The Prop 8 Case: Can You DIG It?

There’s been so much excellent stuff posted at SCOTUSBlog the last few days (well deserved winner of a Peabody), I wanted to highlight a post from Tom Goldstein that might have been lost in the rush.  It is on the question of the different ways that the Court to decline to decide the merits in the Prop 8 case.  Tom counts three: no standing to the opponents, sending it back to the Ninth Circuit to reconsider in light of the DOMA case (which at this point seems less likely if Justice Kennedy’s controlling opinion is about federalism rather than equal protection rights for same-sex couples), or dismiss the writ as improvidently granted or the equivalent of that.  The issue arises because it takes only four Justices to hear the case but five to reach a majority on the merits.  Tom writes:

If Justice Kennedy did decline to vote on the merits, then the Ninth Circuit’s judgment would be affirmed.  Either the judgment would formally be affirmed by an equally divided court, or he would nominally cast a vote to “affirm” that would produce the same result – see, for example, Justice Stevens’s 1983 opinion concurring in the judgment in Connecticut v. Johnson.

But whether a Justice can decline to decide a case on the ground that it should be dismissed, when no development has occurred since certiorari has been granted, is a difficult and debated question in the Court.  See, e.g., Richard L. Revesz & Pamela S. Karlan, Nonmajority Rules and the Supreme Court, 136 U. Pa. L. Rev. 1067 (1987-1998), and Michael E. Solimine & Rafael Gely, The Supreme Court and the DIG:  An Empirical and Institutional Analysis, 2005 Wis. L. Rev. 1421 (2005).  (Ironically, one of the most relevant authorities is an early predecessor to gay rights litigation, New York v. Uplinger.)  If Justices were perfectly free to do so, then in theory the Court’s “rule of four” – that four members of the Court can vote to grant certiorari – would be in jeopardy:  five Justices who did not grant certiorari could simply refuse to decide the case.  On the other hand, a Justice could reserve the power not to decide the merits for extraordinary cases.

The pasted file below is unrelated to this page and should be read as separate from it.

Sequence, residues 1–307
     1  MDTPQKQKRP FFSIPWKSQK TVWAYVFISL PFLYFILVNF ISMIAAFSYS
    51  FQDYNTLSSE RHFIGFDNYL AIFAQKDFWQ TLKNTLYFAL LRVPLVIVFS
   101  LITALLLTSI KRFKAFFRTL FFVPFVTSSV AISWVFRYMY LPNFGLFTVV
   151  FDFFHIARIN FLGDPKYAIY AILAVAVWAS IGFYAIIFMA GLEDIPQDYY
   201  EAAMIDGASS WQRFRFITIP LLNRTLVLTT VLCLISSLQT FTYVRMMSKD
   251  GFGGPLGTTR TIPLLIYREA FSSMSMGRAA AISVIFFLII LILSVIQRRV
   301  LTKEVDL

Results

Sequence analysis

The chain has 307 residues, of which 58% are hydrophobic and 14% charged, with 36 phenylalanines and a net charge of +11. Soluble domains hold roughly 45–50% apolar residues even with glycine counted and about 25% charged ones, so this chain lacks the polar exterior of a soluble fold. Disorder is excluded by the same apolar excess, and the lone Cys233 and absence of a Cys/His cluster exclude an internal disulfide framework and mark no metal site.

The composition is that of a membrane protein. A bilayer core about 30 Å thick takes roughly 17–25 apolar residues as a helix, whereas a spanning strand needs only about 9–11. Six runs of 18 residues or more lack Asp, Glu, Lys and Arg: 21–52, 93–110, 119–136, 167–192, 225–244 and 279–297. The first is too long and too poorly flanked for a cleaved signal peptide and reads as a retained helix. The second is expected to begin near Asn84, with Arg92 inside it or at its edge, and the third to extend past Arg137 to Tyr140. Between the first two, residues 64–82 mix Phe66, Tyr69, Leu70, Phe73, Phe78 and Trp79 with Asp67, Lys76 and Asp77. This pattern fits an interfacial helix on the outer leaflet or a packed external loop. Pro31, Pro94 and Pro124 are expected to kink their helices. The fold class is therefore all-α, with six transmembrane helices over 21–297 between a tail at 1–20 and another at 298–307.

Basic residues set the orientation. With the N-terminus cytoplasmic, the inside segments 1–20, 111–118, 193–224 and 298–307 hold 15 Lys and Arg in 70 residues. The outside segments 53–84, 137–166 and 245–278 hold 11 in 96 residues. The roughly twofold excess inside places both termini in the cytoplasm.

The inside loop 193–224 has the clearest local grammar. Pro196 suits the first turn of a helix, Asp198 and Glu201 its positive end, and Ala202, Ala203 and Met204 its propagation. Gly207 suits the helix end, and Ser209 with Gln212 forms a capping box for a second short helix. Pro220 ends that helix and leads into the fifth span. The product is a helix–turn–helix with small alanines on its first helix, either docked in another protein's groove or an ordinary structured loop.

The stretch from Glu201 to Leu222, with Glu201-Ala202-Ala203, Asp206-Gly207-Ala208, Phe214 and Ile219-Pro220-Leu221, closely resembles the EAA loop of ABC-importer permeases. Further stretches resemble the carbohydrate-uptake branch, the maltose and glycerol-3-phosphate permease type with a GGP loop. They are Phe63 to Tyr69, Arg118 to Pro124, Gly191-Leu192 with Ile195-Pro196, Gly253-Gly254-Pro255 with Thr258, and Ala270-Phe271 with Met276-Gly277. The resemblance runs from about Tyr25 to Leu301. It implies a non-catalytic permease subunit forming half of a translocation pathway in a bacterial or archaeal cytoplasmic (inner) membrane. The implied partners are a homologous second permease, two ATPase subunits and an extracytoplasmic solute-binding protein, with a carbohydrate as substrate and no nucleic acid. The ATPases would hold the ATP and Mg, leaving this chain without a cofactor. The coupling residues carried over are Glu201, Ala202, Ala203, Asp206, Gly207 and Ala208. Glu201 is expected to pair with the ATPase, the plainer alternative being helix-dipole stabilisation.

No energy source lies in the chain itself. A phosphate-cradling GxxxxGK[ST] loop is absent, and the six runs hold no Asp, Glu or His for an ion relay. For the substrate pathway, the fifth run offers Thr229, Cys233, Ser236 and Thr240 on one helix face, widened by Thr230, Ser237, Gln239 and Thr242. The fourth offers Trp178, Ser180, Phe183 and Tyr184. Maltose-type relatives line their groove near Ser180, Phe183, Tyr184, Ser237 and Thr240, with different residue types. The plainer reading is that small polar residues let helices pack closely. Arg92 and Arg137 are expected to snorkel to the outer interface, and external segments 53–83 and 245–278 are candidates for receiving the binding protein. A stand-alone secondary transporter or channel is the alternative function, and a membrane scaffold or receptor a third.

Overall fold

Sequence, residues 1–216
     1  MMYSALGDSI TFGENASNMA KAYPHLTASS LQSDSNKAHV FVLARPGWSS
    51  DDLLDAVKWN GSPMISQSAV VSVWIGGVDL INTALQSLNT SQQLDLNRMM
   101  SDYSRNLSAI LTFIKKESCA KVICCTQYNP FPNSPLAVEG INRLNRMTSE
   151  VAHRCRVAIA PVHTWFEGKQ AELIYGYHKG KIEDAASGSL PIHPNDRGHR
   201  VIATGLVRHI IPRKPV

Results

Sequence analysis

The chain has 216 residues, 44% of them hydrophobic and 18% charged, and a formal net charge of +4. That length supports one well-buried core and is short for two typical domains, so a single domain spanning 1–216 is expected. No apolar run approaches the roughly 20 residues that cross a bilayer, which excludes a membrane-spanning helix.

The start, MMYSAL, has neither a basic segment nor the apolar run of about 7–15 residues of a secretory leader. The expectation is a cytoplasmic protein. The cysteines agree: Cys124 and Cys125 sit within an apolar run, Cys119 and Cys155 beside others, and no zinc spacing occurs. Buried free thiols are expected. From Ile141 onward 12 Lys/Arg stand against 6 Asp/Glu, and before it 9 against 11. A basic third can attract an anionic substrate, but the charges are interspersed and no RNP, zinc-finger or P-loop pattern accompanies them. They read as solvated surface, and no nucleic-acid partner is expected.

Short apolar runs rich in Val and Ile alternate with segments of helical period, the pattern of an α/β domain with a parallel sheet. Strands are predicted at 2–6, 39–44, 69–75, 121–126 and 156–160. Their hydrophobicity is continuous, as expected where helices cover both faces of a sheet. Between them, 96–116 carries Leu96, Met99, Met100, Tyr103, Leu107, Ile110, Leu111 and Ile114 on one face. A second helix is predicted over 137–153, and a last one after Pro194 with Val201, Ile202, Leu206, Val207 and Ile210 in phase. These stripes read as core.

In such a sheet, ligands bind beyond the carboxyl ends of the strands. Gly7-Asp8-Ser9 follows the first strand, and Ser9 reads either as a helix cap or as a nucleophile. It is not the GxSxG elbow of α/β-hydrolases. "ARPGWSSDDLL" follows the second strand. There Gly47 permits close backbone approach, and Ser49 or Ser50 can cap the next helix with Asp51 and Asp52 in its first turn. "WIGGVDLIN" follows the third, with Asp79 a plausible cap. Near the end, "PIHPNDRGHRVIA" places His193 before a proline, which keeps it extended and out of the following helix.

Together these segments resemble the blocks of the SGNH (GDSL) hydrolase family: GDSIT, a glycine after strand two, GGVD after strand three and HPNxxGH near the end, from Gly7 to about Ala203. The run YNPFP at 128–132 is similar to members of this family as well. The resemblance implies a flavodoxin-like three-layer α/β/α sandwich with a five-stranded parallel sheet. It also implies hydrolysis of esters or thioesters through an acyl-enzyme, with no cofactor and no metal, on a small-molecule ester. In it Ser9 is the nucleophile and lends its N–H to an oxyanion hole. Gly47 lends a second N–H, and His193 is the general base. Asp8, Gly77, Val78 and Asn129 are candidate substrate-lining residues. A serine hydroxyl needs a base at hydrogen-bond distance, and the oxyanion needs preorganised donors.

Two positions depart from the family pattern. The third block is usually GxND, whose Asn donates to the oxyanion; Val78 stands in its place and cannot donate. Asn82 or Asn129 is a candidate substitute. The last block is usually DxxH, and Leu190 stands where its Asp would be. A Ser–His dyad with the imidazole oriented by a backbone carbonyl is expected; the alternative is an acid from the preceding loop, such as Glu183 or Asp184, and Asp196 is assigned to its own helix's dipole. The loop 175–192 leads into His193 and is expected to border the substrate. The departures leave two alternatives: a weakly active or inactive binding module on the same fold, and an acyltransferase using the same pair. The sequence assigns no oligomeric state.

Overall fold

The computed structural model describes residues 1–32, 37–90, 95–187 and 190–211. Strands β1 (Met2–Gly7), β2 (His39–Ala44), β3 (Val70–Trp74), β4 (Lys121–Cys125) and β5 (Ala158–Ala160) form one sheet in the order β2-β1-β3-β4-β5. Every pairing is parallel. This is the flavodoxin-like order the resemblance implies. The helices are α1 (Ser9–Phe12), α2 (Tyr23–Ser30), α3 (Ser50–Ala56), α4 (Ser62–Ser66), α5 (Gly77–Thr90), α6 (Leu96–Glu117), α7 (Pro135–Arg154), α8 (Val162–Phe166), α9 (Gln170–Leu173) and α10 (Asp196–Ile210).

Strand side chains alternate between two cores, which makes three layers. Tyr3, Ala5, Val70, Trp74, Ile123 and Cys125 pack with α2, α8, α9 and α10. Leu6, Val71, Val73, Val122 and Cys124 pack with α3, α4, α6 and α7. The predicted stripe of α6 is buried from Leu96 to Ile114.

One reason the issue doesn’t arise much is because Justices will vote on writs of certiorari strategically. One would not vote with three other Justices to hear a case if one believes that the 5 other Justices not voting to hear the case would decide the case adversely to your position.

So this raises the question: did the four most conservative Justices vote to hear Prop. 8 in the perhaps mistaken belief that Justice Kennedy would vote with them if he had to confront the issue?


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